Never mind that the Plainfield Municipal Utilities Authority has gone from the days of double-digit increases to no recent rate hikes, City Council members and citizens still want lower rates for sewer and solid waste services.
"They need to be reduced, they need to be reduced, they need to be reduced!" Councilwoman Gloria Taylor chanted to make the point Monday when PMUA officials met with the governing body.
"I can barely pay mine," Taylor said,.
"You really have the spirit of Plainfield ratepayer," resident Thomas Crownover told Taylor in public comment.
Crownover and many others, including then-Councilman Adrian Mapp called for the authority to be disbanded in 2011. Since becoming mayor in 2014, Mapp has managed to fill all seats on the PMUA board of commissioners with his appointees, though the governing body has rejected Crownover several times.
PMUA Executive Director Daniel Mejias named staff reduction, increased outside revenues and close analysis of operations as measures taken to keep rates level during his eight-month tenure. But he also cited adverse changes such as income from recycled cardboard dropping from $150 per ton to $50 as part of the ongoing struggle to stabilize rates.
Mejias said staff has dropped from 171 to 133. By negotiating for health benefits, he said, the authority saw a drop from a 13.9 percent proposed increase to 5 percent to zero. To address a suggestion for shared costs with the city Division of Public Works, the authority is looking into possible sharing of its GIS equipment tracking system. The authority is also now cooperating with the DPW and the Police Division to address the costly nuisance of illegal dumping.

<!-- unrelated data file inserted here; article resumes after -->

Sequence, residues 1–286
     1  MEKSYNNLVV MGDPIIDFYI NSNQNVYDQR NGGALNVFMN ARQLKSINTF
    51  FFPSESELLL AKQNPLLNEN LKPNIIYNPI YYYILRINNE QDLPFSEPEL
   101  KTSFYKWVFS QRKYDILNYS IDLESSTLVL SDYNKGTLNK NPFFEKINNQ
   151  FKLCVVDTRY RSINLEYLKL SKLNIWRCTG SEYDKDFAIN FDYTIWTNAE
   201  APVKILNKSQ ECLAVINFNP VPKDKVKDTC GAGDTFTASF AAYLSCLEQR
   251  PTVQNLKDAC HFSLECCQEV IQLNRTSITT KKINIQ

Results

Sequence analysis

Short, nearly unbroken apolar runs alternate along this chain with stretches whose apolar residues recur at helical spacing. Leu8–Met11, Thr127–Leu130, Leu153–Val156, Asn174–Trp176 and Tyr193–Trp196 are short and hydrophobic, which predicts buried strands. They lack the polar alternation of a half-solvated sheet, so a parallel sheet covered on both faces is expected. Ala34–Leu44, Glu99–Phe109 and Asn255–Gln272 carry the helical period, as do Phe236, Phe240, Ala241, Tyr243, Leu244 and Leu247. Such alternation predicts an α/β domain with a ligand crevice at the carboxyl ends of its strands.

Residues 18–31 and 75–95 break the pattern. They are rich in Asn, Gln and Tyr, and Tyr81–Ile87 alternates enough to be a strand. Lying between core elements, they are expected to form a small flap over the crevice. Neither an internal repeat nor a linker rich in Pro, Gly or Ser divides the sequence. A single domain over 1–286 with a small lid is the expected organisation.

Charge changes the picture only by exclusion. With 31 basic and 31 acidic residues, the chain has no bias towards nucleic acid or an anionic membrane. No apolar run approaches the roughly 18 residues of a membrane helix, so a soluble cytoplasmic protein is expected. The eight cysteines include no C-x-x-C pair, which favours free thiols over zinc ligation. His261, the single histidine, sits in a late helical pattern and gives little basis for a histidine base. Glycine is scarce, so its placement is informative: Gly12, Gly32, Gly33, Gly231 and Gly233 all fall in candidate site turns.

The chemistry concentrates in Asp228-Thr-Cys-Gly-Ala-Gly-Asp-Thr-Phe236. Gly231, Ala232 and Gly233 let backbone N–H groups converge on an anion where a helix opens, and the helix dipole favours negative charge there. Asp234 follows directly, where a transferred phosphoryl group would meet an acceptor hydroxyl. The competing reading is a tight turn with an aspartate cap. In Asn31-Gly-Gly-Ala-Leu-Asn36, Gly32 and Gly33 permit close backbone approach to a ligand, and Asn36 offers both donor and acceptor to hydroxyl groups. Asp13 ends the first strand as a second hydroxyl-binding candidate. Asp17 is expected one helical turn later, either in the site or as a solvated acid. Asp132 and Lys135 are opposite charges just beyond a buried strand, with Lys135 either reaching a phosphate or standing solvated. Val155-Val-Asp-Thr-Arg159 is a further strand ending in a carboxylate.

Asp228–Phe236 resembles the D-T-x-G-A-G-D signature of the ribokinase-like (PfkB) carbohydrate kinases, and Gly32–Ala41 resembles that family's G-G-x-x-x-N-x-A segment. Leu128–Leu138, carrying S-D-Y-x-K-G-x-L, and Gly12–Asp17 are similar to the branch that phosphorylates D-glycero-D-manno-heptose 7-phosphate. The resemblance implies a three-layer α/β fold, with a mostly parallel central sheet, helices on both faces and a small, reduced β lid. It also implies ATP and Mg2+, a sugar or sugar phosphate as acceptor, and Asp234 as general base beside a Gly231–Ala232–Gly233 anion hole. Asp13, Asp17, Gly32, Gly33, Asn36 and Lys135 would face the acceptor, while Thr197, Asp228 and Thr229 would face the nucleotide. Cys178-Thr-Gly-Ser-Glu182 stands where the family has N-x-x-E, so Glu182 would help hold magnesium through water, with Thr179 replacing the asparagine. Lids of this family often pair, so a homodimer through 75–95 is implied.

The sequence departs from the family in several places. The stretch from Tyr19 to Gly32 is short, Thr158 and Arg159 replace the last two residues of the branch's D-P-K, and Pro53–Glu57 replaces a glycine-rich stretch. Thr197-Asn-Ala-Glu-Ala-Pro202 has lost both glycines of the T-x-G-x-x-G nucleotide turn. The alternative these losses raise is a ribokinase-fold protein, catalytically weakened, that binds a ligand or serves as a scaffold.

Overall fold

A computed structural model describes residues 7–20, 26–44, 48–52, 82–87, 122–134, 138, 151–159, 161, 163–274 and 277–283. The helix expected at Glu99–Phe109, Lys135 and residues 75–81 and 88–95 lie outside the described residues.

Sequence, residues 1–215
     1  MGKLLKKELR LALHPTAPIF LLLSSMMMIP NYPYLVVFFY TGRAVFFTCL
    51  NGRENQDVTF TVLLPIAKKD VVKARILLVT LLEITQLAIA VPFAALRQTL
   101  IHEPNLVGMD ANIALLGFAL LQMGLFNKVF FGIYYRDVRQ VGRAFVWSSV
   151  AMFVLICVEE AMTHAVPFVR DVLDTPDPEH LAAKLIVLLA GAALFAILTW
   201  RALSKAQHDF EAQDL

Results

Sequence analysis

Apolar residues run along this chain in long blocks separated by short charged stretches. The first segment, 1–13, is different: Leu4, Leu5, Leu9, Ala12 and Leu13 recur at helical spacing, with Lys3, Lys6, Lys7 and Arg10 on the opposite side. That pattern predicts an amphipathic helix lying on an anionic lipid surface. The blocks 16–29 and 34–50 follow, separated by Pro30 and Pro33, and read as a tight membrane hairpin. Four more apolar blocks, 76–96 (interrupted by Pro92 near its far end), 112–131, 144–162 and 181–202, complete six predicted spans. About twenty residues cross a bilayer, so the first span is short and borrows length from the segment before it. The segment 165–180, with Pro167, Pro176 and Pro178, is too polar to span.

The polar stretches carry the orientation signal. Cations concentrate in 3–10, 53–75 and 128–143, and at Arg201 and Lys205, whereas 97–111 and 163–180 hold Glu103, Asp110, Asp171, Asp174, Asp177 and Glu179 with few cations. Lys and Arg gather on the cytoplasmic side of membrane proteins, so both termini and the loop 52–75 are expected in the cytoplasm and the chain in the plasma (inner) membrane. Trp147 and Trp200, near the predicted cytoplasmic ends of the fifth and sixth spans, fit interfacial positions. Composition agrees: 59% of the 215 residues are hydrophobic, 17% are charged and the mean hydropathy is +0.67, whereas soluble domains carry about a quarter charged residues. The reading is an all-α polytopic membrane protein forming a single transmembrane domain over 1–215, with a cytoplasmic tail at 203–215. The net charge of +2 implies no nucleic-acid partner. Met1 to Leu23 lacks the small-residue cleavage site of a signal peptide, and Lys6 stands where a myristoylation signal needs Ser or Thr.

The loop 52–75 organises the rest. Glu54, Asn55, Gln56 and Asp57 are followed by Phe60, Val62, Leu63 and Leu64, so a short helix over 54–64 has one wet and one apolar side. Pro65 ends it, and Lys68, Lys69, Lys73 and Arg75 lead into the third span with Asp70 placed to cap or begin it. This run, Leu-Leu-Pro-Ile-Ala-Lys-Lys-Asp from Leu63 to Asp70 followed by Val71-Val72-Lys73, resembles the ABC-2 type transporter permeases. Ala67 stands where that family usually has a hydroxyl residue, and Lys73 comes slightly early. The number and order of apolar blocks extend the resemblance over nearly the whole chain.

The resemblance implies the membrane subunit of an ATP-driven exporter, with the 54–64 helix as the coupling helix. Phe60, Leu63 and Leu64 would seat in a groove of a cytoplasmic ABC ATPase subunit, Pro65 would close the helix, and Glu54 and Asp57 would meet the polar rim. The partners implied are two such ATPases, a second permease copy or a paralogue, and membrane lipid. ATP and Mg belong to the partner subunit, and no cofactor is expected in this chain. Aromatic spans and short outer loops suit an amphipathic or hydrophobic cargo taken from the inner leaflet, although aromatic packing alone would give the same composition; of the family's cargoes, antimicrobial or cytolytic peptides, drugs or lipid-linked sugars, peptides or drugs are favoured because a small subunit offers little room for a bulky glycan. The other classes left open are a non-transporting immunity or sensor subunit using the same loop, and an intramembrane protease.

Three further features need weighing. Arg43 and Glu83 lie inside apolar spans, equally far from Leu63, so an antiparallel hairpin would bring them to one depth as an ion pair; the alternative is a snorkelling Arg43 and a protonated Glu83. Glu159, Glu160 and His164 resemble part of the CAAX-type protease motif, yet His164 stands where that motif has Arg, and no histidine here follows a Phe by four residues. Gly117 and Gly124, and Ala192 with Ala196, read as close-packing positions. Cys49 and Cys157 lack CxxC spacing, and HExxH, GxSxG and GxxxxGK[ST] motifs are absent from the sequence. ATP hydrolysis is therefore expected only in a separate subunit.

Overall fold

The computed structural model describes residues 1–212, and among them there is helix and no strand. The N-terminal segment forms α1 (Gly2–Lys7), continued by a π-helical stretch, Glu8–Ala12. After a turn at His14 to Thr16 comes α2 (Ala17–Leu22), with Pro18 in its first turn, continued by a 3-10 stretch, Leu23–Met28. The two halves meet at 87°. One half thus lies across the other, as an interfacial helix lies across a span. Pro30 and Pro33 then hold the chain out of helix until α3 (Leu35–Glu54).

In addition, the authority continues to increase outside revenues by expanding services offered to nearby municipalities.
Mejias is only the third executive director in the authority's 20-year history. The current director of Public Works & Urban Development, Eric Watson, became the original executive director when the authority was created in 1995. He had held the city title under Mayor Mark Fury and returned to the post in September 2014.
Taylor pointed out the transition, saying, "I have issues," and praising Watson before telling Mejias, "I think he is an expert. Perhaps he is the person you should talk to."
Some of the talk Monday of returning authority responsibilities to the city glossed over the fact that it is an autonomous entity, though Crownover, the executive director of a Metuchen authority, has said dissolving it is not difficult.On Monday, he predicted savings of $3 million if the DPW took over shared services, which is a charge to all property owners for cleanup of parks, municipal buildings and other public areas.
Another factor in replacing the authority with city Public Works would be how to handle solid waste collection. Prior to the inception of the PMUA, residents made their own arrangements with private carters. The city would fall heir to the responsibility for fleet maintenance and replacement if it took on solid waste collection, but property owners might see an advantage in solid waste and sewer tax write-offs.
Although there was plenty of talk about how much better other entities handle solid waste and sewer services, the joint meeting ended as it began, with Council President Cory Storch holding out hopes for further cooperation between the city and the authority on mutual concerns. Another meeting will be scheduled in coming months.